FRIDAY, Nov. 2, 2018 -- Ruling against the recommendation of one of its chief experts, the U.S. Food and Drug Administration on Friday approved an extremely potent new opioid painkiller, Dsuvia.
The drug is a 30-microgram pill that packs the same punch as 5 milligrams of intravenous morphine, according to the Washington Post. The tiny pill comes packaged in a syringe-like applicator and would be used under the tongue for quick absorption. Dsuvia (sufentanil) will be marketed by California-based maker AcelRX.
The drug is for very restricted use in operating rooms or on the battlefield. Indeed, its potential use by soldiers was one reason Dsuvia was approved, according to FDA Commissioner Dr. Scott Gottlieb.
"The FDA has made it a high priority to make sure our soldiers have access to treatments that meet the unique needs of the battlefield, including when intravenous administration is not possible for the treatment of acute pain," Gottlieb said in an agency news release.
But Dsuvia's approval comes amid controversy, with an epidemic of opioid abuse continuing to ravage the United States. Experts worry that supplies of the drug will somehow make their way from doctors' offices and pharmacies to addicts.
An FDA advisory committee did recommend for approval of Dsuvia in a 10-3 vote last month. But the committee's chair took the highly unusual move of voicing his opposition at that time. Dr. Raeford Brown, a professor of anesthesiology and pediatrics at the University of Kentucky, urged the FDA to reject the drug.
"I am very disappointed with the decision of the agency to approve Dsuvia. This action is inconsistent with the charter of the agency," Brown said in a statement Friday. "I will continue to hold the agency accountable for their response to the worst public health problem since the 1918 influenza epidemic."
The consumer watchdog group Public Citizen has also come out strongly against approval. In a statement issued Friday, the group contended that, "if approved, Dsuvia will be abused and start killing people as soon as it hits the market."
Public Citizen described the drug as "five to 10 times more potent than fentanyl and 1,000 times more potent than morphine."
But Gottlieb stressed Friday that his agency has placed very tight restrictions on Dsuvia.
"To address concerns about the potential risks associated with Dsuvia, this product will have strong limitations on its use," Gottlieb said. "It can't be dispensed to patients for home use and should not be used for more than 72 hours. And it should only be administered by a health care provider using a single-dose applicator. That means it won't be available at retail pharmacies for patients to take home."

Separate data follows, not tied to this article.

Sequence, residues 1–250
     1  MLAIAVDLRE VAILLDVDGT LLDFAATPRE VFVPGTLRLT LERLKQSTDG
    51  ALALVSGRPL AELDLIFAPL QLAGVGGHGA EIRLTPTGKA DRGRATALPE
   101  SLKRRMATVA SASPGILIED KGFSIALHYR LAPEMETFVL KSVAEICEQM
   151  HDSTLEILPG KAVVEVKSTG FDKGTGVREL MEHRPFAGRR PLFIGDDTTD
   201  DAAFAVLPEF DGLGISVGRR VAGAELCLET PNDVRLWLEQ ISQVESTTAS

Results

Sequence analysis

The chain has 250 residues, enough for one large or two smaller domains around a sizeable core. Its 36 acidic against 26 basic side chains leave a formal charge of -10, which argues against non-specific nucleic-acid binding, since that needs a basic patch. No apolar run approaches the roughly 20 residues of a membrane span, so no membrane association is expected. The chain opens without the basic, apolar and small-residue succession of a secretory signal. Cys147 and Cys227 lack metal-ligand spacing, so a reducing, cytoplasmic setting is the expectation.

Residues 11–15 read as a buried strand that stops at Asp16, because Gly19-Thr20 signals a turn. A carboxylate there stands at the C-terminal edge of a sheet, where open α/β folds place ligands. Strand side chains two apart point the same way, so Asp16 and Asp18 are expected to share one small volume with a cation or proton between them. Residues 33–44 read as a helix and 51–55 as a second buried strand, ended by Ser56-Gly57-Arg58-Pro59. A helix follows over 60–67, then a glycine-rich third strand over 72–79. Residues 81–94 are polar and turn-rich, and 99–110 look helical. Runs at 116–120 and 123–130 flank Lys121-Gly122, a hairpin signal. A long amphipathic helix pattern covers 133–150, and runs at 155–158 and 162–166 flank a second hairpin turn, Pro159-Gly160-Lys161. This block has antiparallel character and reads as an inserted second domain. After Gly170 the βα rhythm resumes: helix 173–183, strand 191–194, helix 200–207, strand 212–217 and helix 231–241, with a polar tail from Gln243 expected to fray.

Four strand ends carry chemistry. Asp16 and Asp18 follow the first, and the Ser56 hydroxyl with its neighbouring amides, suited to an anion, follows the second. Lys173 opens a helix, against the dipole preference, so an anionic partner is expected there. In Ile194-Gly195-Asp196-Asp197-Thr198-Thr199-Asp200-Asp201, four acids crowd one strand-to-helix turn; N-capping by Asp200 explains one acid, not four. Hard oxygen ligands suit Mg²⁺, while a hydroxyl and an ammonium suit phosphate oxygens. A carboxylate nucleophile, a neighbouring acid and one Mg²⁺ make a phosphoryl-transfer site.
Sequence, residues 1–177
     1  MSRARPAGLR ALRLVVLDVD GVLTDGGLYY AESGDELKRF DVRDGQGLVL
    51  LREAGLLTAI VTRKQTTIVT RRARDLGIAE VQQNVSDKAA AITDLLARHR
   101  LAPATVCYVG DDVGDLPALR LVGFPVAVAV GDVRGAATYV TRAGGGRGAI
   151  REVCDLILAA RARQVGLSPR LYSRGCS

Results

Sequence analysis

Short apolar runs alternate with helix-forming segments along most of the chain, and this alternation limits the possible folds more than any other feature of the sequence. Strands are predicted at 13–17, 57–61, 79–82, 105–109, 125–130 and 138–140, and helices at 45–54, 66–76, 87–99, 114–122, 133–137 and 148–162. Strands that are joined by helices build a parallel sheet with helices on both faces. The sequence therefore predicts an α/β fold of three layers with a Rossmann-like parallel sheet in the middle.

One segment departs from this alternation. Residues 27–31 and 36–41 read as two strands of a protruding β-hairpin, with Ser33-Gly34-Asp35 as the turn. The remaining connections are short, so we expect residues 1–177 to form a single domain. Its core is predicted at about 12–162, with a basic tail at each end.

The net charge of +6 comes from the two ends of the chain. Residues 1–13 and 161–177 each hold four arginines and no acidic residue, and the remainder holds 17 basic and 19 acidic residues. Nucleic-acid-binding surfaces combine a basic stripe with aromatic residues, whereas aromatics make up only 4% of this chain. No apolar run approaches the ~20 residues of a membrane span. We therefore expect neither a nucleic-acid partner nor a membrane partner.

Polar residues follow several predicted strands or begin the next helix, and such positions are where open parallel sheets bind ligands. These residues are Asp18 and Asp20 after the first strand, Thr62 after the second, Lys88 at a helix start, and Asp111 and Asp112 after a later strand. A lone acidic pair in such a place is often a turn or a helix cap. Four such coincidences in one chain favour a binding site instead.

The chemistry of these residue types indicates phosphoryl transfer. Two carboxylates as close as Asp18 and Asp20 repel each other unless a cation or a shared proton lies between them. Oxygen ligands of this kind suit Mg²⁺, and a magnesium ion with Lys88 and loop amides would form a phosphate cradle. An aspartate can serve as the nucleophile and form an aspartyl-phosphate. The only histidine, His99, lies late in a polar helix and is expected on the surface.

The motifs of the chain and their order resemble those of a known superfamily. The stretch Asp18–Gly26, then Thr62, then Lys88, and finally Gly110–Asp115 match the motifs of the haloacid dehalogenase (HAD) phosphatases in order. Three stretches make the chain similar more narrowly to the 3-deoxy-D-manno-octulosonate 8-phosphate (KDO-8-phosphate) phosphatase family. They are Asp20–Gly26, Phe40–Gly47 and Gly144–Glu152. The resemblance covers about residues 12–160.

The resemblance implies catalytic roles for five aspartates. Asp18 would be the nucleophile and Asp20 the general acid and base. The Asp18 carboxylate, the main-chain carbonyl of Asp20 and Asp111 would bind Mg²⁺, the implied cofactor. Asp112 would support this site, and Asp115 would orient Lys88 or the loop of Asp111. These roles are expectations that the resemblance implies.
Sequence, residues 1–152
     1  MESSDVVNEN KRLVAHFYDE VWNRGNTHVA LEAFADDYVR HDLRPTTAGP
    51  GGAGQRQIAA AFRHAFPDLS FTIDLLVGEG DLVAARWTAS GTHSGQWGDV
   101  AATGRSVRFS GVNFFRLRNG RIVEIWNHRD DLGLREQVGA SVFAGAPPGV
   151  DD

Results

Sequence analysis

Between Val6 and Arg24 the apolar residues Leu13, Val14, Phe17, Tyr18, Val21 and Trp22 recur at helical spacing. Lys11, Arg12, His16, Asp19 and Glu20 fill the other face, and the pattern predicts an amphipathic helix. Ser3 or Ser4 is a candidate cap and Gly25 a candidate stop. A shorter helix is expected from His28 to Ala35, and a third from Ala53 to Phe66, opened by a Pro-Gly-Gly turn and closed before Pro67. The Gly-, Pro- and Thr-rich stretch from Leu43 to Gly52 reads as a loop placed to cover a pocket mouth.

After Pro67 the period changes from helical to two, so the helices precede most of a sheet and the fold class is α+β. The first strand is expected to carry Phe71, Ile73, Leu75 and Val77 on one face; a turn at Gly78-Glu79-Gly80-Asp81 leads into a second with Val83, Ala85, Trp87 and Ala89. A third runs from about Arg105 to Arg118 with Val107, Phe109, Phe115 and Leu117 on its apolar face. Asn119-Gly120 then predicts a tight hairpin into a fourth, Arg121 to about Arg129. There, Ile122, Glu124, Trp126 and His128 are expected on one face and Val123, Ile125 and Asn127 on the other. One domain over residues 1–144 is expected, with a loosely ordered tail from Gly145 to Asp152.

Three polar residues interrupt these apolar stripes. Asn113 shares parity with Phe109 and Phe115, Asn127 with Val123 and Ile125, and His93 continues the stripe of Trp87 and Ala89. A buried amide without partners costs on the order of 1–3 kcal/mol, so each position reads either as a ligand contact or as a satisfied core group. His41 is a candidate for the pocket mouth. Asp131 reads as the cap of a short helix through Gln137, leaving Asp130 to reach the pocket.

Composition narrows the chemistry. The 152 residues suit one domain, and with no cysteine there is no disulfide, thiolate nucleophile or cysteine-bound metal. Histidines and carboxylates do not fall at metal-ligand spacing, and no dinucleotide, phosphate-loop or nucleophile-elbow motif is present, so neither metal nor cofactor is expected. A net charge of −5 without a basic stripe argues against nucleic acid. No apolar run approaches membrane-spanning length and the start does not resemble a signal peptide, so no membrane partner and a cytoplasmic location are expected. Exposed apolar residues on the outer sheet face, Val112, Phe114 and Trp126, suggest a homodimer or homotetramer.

The drug is also only for use by patients who cannot tolerate other painkillers, or for whom other painkillers have failed or are expected to fail.
The United States continues to struggle with the opioid abuse epidemic. On Friday, new statistics released by the U.S. Drug Enforcement Administration found the number of opioid overdose deaths in the United States reached a new record last year with 72,000 deaths -- about 200 per day.
And even as his agency gave the nod to Dsuvia, Gottlieb said other steps are being taken to restrict access to highly potent opioids.
"The agency is taking new steps to more actively confront this crisis, while also paying careful attention to the needs of patients and physicians managing pain," he said. Part of that effort may be a closer and more stringent assessment of the need for new opioid formulations going forward, Gottlieb added.
"To that end, I've asked the professional staff at the FDA to evaluate a new framework for opioid analgesic approvals," he said. Already, it's clear that in the context of the opioid crisis, "our evaluation of opioids is different than how we assess drugs in other therapeutic classes," Gottlieb noted.
As for Dsuvia, even after approval, "the FDA will continue to carefully monitor the implementation of the [regulatory safeguards] associated with Dsuvia and compliance with its requirements, and we'll work to quickly make regulatory adjustments if problems arise," Gottlieb said.
There's more on pain control at the American Society of Anesthesiologists.
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